Conviction, imprisonment and release[edit]

The initial inquiry, held in Alice Springs, Northern Territory, by Alice Springs magistrate and coroner Dennis Barritt in December 1980 and January 1981, supported the Chamberlains' account of Azaria's disappearance, finding a dingo took the child.[1][3] The Supreme Court quashed the findings of the initial inquest and ordered a second inquest in December 1981, with the taking of evidence concluded in February 1982. By an indictment presented to the Supreme Court of the Northern Territory in September 1982, Lindy Chamberlain was charged with the murder of Azaria Chamberlain and Michael Chamberlain was charged with being an accessory after the fact. On 29 October 1982 the Chamberlains were both found guilty as charged.[9]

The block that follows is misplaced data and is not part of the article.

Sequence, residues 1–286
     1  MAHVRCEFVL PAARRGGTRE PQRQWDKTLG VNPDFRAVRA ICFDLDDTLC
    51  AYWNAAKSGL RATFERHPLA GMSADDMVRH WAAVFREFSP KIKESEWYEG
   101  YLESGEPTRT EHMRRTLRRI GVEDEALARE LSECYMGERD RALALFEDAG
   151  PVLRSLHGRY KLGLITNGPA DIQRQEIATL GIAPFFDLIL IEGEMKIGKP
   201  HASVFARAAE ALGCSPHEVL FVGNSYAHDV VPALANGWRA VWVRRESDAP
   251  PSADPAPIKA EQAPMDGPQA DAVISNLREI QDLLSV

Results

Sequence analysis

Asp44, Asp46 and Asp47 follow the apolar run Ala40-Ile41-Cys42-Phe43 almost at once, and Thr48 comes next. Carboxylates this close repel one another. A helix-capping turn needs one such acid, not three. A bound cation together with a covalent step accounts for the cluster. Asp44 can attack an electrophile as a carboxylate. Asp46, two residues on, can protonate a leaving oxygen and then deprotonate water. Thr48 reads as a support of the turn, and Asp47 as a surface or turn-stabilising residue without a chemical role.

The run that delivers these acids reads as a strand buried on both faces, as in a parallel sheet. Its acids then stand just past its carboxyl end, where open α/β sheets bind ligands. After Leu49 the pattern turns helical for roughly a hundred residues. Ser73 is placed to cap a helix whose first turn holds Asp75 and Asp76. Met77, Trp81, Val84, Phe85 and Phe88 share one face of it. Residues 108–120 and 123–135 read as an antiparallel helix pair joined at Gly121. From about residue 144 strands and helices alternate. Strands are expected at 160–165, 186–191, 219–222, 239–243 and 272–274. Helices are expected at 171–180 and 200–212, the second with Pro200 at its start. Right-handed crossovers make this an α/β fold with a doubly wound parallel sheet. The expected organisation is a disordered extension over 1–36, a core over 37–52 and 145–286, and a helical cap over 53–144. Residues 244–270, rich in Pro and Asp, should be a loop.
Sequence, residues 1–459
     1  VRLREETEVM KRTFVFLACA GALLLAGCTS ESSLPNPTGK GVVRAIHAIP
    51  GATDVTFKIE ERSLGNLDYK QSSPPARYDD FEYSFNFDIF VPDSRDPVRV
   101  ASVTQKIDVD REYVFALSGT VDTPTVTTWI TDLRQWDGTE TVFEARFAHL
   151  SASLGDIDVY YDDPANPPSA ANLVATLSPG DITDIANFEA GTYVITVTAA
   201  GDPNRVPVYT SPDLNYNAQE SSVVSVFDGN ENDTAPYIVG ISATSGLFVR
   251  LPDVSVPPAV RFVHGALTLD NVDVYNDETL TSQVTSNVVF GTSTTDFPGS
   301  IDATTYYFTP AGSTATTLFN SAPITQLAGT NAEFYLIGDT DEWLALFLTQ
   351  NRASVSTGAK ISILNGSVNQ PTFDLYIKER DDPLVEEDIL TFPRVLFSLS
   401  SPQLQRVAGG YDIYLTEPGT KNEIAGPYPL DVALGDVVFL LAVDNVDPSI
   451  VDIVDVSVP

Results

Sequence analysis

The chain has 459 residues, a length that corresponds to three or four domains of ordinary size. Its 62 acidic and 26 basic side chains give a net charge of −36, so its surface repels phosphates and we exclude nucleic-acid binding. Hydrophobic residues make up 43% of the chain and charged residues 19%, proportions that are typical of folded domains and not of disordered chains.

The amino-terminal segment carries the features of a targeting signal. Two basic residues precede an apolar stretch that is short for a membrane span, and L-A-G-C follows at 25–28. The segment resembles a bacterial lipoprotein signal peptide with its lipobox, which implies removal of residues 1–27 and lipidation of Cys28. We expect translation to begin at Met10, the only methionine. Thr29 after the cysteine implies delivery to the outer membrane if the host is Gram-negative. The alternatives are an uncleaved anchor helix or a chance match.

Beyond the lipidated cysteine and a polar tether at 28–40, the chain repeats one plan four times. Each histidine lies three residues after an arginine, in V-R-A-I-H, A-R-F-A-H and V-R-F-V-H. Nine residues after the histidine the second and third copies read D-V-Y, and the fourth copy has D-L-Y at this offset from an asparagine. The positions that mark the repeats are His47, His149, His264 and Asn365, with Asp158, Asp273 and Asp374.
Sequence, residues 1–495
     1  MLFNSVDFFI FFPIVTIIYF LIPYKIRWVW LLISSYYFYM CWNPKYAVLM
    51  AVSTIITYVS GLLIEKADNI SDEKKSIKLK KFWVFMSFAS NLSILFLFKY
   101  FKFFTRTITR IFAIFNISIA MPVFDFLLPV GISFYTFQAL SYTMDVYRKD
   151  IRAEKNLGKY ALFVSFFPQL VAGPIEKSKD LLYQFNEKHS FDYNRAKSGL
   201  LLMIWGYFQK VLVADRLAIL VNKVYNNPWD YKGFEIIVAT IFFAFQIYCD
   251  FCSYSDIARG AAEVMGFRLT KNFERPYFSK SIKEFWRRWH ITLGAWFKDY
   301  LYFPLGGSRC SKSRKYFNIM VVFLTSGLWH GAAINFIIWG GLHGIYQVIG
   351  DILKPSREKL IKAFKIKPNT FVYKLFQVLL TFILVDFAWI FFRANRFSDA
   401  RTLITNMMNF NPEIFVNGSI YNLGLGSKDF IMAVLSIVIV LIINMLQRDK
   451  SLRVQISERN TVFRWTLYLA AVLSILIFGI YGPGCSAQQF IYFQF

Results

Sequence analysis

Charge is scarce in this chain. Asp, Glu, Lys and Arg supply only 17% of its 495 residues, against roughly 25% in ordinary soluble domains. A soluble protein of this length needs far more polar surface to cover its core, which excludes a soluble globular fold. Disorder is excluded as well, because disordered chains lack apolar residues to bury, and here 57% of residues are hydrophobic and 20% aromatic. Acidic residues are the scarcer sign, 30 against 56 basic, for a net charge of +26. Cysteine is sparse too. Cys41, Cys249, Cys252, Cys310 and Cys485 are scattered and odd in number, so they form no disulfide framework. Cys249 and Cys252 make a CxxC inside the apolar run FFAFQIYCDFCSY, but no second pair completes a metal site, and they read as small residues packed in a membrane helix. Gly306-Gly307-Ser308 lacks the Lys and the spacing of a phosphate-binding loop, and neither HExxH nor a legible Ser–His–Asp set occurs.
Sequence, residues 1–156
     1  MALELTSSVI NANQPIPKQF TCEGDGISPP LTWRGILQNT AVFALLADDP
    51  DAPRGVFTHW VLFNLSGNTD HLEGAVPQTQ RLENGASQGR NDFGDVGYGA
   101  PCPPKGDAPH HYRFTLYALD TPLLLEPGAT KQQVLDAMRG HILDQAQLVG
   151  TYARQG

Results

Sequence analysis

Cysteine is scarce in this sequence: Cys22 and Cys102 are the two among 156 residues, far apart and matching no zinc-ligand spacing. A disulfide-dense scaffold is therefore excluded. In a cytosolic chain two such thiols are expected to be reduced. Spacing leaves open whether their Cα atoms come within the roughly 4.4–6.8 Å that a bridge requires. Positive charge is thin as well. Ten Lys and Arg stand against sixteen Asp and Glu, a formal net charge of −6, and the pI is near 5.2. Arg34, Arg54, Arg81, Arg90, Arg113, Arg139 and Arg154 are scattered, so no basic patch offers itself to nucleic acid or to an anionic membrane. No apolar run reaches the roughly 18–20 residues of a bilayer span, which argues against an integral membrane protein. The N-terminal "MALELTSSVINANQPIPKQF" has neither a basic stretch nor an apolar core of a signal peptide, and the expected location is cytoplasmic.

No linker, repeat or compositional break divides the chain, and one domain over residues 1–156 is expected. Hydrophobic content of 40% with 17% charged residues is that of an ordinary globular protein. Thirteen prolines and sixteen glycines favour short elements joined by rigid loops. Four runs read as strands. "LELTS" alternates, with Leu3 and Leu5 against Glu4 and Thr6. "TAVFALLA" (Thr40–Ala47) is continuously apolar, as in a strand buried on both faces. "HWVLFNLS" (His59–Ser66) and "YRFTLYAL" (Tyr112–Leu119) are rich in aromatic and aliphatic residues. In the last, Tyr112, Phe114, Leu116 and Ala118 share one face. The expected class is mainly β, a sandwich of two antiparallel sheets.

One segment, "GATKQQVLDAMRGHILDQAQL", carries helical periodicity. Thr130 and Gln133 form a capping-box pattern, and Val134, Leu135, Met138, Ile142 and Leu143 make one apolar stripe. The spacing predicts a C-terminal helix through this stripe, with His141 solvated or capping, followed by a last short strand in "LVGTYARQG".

Second inquest[edit]

In committing the Chamberlains for trial, the coroner who performed the second inquest and recorded findings as to the cause and manner of Azaria's death, stated that although the evidence was, to a large degree, circumstantial, a jury properly instructed could arrive at a verdict; with regard to the clothing evidence, he surmised that the Chamberlains knew dingoes were in the area, attempted to simulate a dingo attack, recovered Azaria's buried body, removed her clothing, damaged it by cutting, rubbed it in vegetation and deposited the clothes for later recovery.[10] On this basis and that of blood evidence of unknown origin found in the Chamberlains' car, the Chamberlains were prosecuted and convicted for the murder of their 2-month old baby, with Lindy sentenced to life imprisonment[11] and Michael Chamberlain convicted as an accessory to murder.[4] The blood believed to have been found in the Chamberlains' car was later determined to be most likely a sound-deadening compound from a manufacturing overspray.[12]